38836Re: Free Persons of Colour was Slavery in Upper Canada?
- Jan 1, 2009One can also find, with only a little hunting, the cabin of the man
on whom "Uncle Tom" of Uncle Tom's Cabin was based. "The Queen's
Bush", west of Shelburne on the Bruce Peninsula, was an area settled
by free blacks in the early to mid-nineteenth century and a frequent
destination of escaped slaves from the US. Collingwood was the
extreme northern terminus of the Underground Railway and I've been
told that it employed a number of blacks in the shipyards. Some of
them, it's said, worked,on Confederate commerce raiders which were
built there. Ironic, no?
As to the sale of "Canadian slaves" to the US, I should think it was
regerded, while a scandal, much like the sale of livestock or
the 'disciplining' of one's wife and children: a private matter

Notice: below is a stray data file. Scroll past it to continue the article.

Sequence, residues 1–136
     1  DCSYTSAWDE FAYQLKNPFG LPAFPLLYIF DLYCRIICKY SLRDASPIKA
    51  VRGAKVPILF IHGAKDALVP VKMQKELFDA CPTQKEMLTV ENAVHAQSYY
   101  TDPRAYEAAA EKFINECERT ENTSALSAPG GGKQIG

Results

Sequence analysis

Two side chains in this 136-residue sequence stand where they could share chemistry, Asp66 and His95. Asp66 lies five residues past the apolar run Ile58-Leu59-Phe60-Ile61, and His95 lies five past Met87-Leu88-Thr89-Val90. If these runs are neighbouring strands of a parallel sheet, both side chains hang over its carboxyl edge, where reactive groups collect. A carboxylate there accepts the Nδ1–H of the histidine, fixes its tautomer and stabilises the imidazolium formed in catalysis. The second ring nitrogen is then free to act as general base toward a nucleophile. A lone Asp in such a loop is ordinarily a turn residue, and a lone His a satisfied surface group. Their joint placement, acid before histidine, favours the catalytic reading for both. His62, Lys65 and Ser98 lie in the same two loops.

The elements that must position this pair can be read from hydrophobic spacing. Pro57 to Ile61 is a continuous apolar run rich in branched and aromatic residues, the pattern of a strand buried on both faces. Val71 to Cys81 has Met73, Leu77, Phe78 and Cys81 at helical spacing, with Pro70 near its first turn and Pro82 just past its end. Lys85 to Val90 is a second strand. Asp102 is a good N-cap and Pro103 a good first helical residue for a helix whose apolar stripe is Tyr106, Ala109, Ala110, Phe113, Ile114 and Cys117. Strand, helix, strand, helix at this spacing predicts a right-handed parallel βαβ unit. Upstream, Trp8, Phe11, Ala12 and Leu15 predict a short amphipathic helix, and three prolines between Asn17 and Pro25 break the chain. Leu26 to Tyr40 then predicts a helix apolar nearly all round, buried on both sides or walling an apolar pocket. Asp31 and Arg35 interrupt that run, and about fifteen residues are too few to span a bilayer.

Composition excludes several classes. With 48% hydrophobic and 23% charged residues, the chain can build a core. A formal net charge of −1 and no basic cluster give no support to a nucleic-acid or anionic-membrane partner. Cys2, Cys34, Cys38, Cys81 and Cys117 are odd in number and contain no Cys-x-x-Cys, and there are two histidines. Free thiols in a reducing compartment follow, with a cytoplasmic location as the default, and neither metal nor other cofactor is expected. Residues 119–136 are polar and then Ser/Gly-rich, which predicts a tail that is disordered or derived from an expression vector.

generally of interest to no one but the participants. Sadly, many
decent Canadians and Americans probably rgarded it that way too.
I have met a black [Afro-Canadian person of colour] who told me that
her ancestor, an escaped slave, originally settled in Holland Landing
at the foot of Lake Simcoe but moved on into the bush around Willow
Creek Depot because he feared being captured and returned south by
slave hunters. I don't know the law here on it but certainly in the
US it was a federal offence to interfere with the efforts of bounty
hunters to return slaves to their rightful owners.
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